Those who defend Confederacy statues often contend that tearing them down amounts to “erasing history.”
Here’s a point that usually gets overlooked: A lot of history has already been erased.
More accurately, several generations of Virginians have effectively been brainwashed into believing a fake version of history. Those are strong words, but their strength stands on actual facts — detailed recently in a remarkable story in The Richmond Times-Dispatch by reporter Rex Springston.
His story — headlined “Happy slaves? The peculiar story of three Virginia school textbooks” — shines a harsh light on the history textbooks that were used in state schools from 1957 into the late 1970s. (You can credit the administration of Gov. Linwood Holton with ordering these books replaced, although it took years for some of them to disappear from classrooms.)
It’s not just that the textbooks were sympathetic to the Confederate cause, or even that they portrayed enslaved African-Americans as happy in their bondage — although that’s what Virginia students were taught. The high school textbook of that era instructed students that a slave “did not work so hard as the average free laborer, since he did not have to worry about losing his job.” Instead, Springston’s story details just how those textbooks were produced: They were state-sponsored propaganda intended to indoctrinate Virginia students into opposing the civil rights movement.
We think of propaganda as something that authoritarian regimes engage in. We forget — perhaps because we weren’t taught — that for much of the 20th century, Virginia was an authoritarian regime of a sort. Virginia was effectively a one-party state —that one party being a conservative Democratic Party, which restricted the electorate so much that the political scientist V.O. Key declared in 1950: “Of all the American states, Virginia can lay claim to the most thorough control by an oligarchy. By contrast, Mississippi is a hotbed of Democracy.”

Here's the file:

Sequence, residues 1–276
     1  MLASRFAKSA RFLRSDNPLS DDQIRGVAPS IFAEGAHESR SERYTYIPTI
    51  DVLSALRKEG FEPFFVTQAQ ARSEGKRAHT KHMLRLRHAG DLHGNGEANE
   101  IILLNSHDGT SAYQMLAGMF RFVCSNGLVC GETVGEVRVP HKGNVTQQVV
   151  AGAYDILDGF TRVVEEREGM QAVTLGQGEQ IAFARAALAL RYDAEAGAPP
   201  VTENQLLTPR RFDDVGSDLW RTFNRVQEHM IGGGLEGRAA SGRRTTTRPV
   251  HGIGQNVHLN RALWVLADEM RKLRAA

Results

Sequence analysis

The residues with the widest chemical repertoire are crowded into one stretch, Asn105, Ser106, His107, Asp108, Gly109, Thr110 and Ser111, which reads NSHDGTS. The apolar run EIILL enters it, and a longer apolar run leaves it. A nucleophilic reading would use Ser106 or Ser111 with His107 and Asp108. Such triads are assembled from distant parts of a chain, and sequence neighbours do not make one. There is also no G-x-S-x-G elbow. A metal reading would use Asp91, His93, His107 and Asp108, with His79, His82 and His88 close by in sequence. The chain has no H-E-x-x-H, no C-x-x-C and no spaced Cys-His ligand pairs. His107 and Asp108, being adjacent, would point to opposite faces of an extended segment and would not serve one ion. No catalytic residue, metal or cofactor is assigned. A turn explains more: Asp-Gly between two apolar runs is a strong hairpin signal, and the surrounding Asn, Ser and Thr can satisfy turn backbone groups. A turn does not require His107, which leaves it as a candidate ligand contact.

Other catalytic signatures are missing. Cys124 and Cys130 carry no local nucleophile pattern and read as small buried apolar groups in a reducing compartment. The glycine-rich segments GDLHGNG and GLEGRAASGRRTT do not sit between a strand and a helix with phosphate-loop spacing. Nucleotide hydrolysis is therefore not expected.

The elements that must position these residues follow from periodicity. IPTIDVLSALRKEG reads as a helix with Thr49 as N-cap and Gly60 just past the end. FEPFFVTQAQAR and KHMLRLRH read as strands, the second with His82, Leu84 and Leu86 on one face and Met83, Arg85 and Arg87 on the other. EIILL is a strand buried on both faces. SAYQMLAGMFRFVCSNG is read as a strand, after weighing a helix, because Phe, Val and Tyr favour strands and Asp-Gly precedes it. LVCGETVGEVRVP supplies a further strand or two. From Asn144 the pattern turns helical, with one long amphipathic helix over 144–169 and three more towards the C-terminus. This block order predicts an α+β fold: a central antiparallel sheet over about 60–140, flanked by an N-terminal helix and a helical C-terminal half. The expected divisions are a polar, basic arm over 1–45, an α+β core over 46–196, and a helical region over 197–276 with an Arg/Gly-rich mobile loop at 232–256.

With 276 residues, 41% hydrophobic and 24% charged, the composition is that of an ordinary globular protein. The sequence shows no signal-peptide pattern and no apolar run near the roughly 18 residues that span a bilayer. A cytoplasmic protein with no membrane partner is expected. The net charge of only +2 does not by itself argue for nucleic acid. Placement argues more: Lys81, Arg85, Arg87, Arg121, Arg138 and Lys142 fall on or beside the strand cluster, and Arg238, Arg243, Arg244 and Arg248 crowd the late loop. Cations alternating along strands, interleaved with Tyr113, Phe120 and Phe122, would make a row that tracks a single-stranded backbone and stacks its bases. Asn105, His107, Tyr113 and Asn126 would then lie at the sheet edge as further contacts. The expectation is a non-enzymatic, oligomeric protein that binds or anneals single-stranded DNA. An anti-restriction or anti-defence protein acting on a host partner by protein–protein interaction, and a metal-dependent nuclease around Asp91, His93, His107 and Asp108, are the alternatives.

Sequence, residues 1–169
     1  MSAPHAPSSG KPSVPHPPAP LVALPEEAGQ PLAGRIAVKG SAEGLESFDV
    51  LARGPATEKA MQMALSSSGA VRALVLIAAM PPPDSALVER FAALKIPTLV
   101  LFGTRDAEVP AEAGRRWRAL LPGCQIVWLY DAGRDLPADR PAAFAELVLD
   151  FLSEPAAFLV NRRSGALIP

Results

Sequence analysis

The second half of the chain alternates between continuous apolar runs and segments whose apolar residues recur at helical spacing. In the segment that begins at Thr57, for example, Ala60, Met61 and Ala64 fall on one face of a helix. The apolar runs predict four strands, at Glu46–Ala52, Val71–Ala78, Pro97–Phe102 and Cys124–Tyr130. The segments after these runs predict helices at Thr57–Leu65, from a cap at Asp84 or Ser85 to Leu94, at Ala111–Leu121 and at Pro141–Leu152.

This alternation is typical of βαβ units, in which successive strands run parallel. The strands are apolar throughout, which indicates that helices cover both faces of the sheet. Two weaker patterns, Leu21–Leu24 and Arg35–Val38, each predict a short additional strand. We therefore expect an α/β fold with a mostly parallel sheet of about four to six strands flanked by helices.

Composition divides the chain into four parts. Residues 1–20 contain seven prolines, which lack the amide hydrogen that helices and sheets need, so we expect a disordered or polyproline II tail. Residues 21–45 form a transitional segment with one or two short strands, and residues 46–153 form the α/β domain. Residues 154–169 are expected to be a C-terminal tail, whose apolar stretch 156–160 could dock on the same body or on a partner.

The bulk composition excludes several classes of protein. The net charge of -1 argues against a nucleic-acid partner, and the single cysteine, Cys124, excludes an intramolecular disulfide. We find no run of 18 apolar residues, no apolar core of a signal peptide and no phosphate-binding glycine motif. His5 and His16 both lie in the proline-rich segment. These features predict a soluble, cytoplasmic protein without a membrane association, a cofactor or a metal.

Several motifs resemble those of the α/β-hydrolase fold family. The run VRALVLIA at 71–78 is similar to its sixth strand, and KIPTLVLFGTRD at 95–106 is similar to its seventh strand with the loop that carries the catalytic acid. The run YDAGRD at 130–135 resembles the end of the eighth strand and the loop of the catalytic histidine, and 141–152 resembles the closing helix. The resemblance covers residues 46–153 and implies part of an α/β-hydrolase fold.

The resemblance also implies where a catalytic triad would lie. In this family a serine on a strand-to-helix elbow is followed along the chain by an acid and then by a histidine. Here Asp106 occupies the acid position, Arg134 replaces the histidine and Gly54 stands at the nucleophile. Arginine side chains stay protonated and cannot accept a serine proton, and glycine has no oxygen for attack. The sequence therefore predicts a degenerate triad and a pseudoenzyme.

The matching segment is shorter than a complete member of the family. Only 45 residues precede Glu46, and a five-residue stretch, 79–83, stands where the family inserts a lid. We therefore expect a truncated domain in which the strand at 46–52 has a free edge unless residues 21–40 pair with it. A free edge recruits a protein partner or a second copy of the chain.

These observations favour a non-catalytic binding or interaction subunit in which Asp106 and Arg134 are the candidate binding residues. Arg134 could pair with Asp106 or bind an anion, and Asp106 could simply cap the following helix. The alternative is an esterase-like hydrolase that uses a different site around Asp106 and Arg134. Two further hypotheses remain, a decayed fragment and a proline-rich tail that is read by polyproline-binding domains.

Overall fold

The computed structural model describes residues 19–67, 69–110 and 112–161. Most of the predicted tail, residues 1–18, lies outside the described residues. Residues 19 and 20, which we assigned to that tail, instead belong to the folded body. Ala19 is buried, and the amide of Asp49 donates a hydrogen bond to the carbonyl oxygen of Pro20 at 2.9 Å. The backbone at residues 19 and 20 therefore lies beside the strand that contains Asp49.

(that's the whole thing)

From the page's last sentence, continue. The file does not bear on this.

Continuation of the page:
Come 1950, though, Virginia’s political oligarchs — the so-called “Byrd Machine” of U.S. Sen. Harry F. Byrd – saw signs of change on the horizon, and signs of change meant signs of trouble. Most alarmingly, the federal government under President Harry Truman was starting to promote civil rights, which threatened to undermine the fundamental tenet of Southern politics.
Springston’s story says: “Lawmakers thought that requiring schoolteachers to promote the Byrd organization’s view of history would set students straight and keep teachers from spreading socialist or communist ideas.” Ironically, that’s no different than what the Bolsheviks did when they instituted communism in the Soviet Union — they taught students a different version of history.
In 1950, the General Assembly created the Virginia History and Government Textbook Commission to oversee the production of three new textbooks — for fourth-graders, seventh-graders and eleventh-graders. Politicians, not scholars, were put in charge of producing the approved version of state history. The chairman was Del. Cecil Taylor of Lynchburg, a trusted Byrd lieutenant.